How millennials are changing the real estate game part II
In Part I of this series, we covered who millennials are, what research says about their buying behavior, and what they expect from their real estate agent. In this follow-up post, we’ll focus a little more on millennials in the real estate industry, and why real estate professionals are having a tougher time recruiting the younger generation.
In July, Kevin Hawkins, VP of Communications and Marketing at Imprev, reported that the biggest business challenge facing real estate brokerages today is being unable to attract younger agents. This was among one of the key findings from a poll of more than 850 top real estate executives that Imprev conducted back in May.
Another thing Hawkins mentioned in the Imprev Thought Leaders survey report was that according to the National Association of Realtors, the average real estate agent is 57-years-old. Worth noting that the average American worker is 41 and most first-time buyers are around age 31.
So here’s the problem — current agents aren’t heading towards retirement as soon as the average worker will and since they’re still taking care of business, there isn’t as much of a focus on getting new (younger) agents in the door. But sooner or later the next generation will have to take over leadership of the real estate industry and they need experience in order to do so. It follows that millennials can be instrumental in the future growth of the real estate industry, helping improve current practices and reach new buyers in their generation.
So what’s an agency to do? Here are five things to keep in mind when recruiting millennials.
1. Let Them Know It’s Possible
According to a study by real estate franchisor ERA Real Estate, 50 percent of millennial respondents said they would not consider real estate as a career. However, 90 percent of those same respondents admitted that they didn’t know a great deal about being a real estate agent. For many millennials who associate images of real estate agents with the stuffy, suited-up Realtors depicted on bus benches, it’s easy to see why they would dismiss the career. Fortunately, there is opportunity to demonstrate all of the benefits of being a real estate agent, many of which align with what millennials look for in a career. As an agent, they can have a flexible schedule with no office attendance requirement. They can experiment with different business practices and technology, and have the chance to work towards success and make money.
2. Meet Them Where They Are
Ryan St. Germaine from Recruiter.com recently wrote an article about recruiting millennials with Facebook ads. “Millennials have grown up with mobile smartphones, e-readers, and tablets…and use these devices to search for and apply to jobs,” Germaine said. “In fact, about 77 percent of millennials will be using their smartphones to look for work.”
Facebook ads are simply one useful way to market job listings to a younger generation. The bigger point here is that you will have a greater impact on reaching millennials when you meet them where they already are, whether that is online, at a college job fair, through other word-of-mouth or grassroots methods. Show that you’re up-to-date and open to using technology by staying active on social media, keeping your website updated and including highly visual content, like photos and video.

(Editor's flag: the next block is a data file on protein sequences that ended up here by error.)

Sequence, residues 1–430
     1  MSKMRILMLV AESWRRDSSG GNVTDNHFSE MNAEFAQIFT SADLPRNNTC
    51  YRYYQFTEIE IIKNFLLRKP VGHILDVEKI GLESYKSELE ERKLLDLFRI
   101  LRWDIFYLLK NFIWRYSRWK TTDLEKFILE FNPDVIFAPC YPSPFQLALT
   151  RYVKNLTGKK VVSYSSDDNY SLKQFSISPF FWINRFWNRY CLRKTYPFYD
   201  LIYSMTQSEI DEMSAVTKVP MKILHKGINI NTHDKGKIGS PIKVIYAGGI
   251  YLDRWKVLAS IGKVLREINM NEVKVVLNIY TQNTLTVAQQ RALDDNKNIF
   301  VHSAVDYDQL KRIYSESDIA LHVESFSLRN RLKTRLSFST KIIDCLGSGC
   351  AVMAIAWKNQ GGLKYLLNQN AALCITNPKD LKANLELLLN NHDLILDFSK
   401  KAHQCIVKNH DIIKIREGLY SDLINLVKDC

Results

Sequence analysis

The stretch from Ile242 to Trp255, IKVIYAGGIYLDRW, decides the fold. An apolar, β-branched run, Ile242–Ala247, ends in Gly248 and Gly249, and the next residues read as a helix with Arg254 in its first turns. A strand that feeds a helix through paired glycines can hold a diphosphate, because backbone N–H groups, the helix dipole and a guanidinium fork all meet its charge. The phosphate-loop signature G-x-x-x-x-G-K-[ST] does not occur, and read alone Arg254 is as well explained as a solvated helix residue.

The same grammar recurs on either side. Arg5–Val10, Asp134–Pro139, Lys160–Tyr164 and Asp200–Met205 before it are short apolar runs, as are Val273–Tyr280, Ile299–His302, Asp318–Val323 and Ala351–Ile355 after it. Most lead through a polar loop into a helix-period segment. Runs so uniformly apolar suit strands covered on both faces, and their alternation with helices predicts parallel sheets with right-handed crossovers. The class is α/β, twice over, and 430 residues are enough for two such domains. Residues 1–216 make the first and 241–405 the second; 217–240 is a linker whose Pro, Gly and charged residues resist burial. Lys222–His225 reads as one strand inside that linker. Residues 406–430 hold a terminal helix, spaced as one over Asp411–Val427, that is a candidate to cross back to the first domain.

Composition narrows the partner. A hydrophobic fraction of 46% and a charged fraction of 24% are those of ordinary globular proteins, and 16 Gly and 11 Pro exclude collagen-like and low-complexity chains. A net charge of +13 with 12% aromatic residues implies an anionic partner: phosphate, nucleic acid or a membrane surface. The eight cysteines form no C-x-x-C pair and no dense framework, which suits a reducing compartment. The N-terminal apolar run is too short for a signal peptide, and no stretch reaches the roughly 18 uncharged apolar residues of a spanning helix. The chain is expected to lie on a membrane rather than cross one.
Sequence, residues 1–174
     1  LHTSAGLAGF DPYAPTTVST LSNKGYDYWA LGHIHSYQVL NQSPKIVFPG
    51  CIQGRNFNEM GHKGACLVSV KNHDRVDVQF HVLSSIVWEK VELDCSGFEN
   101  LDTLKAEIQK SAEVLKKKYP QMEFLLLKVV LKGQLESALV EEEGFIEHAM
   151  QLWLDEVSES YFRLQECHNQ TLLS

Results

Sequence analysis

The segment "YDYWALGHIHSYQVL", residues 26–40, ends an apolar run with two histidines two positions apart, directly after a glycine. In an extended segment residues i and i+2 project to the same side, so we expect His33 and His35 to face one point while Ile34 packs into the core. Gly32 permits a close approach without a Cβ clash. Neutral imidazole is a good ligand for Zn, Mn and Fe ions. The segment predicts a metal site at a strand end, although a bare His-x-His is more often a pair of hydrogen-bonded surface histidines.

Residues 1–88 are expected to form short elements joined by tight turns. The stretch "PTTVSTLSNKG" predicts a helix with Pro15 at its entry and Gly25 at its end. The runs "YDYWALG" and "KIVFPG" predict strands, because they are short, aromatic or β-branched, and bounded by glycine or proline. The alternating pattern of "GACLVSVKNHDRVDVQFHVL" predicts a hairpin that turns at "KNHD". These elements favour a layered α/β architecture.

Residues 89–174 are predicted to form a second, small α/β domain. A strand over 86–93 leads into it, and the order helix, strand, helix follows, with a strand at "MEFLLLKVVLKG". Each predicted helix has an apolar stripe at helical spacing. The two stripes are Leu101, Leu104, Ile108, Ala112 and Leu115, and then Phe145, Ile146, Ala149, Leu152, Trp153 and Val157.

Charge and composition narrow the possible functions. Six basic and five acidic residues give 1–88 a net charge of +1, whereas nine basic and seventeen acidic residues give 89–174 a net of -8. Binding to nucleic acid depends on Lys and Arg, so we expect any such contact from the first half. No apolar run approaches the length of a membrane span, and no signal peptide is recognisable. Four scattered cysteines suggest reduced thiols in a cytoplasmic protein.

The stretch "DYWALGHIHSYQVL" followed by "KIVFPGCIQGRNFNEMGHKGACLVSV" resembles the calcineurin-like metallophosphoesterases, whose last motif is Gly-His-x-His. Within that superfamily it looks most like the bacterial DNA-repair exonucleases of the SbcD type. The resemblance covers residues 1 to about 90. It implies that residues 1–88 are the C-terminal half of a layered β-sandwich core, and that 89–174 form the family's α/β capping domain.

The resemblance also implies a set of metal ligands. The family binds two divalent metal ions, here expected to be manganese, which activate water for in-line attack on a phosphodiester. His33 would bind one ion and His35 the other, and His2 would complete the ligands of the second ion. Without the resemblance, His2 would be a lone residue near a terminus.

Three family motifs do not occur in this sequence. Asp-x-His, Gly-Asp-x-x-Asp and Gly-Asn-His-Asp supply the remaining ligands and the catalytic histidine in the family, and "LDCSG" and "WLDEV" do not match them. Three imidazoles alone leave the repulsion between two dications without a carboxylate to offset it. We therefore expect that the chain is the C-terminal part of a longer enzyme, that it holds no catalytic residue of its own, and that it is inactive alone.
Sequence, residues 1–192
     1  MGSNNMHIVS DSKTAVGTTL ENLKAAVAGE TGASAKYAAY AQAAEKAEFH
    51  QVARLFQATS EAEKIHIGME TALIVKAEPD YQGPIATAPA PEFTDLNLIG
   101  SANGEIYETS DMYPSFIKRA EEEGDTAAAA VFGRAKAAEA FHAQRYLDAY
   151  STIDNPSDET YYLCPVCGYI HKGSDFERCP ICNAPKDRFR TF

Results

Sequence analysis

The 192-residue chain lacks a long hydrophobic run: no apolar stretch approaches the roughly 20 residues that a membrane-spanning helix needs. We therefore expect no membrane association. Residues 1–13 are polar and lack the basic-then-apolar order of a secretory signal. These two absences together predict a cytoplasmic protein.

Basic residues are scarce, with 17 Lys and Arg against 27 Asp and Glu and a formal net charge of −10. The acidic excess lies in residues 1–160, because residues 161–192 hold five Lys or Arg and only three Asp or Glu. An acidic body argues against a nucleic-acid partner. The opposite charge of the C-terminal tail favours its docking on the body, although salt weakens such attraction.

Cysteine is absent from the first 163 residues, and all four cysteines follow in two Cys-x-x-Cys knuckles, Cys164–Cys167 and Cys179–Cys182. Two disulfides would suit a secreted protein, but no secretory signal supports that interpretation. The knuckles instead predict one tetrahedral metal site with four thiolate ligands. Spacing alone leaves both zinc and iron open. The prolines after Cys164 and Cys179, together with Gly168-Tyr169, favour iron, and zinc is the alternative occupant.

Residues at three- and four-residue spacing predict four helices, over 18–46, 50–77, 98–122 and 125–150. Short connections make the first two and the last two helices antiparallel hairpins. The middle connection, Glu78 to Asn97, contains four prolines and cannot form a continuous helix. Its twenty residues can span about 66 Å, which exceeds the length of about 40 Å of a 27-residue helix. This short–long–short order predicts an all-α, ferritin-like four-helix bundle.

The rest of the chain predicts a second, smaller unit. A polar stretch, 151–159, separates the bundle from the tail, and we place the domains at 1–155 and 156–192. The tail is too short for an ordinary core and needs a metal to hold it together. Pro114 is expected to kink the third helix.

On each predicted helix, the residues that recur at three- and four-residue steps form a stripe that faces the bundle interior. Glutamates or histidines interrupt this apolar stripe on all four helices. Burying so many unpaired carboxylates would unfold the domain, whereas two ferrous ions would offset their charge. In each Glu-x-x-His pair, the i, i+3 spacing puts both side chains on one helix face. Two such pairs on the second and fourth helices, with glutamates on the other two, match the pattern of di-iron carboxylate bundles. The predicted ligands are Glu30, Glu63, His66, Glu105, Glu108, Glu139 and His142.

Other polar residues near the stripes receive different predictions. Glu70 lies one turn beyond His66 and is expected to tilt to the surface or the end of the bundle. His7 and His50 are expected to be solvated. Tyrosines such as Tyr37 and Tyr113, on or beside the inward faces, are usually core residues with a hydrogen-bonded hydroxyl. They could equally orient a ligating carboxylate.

3. Provide Opportunities for Collaboration and Leadership
Unlike their predecessors, millennials are far more open to collaboration and working in a team environment. They also expect to find a support network through their employer that can provide training, coaching and mentoring. They’re also willing to listen to their peers and friends, and are actually more likely to join the ranks of Realtors if they know an agent that’s their own age.
“Don’t just offer recruiting referral bonuses to your agents. Let them take a more active role by placing their referred new hire under their tutelage. By letting your agents provide training and guidance to someone else, you are providing them valuable leadership and growth experience as well.”
4. Give Them Reasons to Stay
“Once brokers have recruited Gen Y agents, they also need to be able to retain them,” said Matt Carter in his recap article of the ERA Real Estate report. There are countless offerings you can provide to young agents to make them want to stay. Some of the more obvious ones include providing fun amenities, like parties and group outings for the office. However, many millennials look for a community component in their work, something that shows their work has greater impact. Provide ways for them to volunteer in the community, especially in the housing and neighborhood sector (think Habitat for Humanity).
5. Provide Opportunities for Growth
Lastly, while many critics of this generation would like you to think that millennials only care about owning cool gadgets and partying, career-oriented millennials care about compensation and career growth. If you can provide tangible ways for them to grow their career and show them how they can make money while providing great client service and reaching buyers in creative ways, it should be no problem to find a new generation of real estate agents ready to take on the world.
So how well do you think you know millennials, or are you one yourself? For a fun experiment, check out the “How Millennial Are You?” quiz from the Pew Research Center. Post your score in the comments.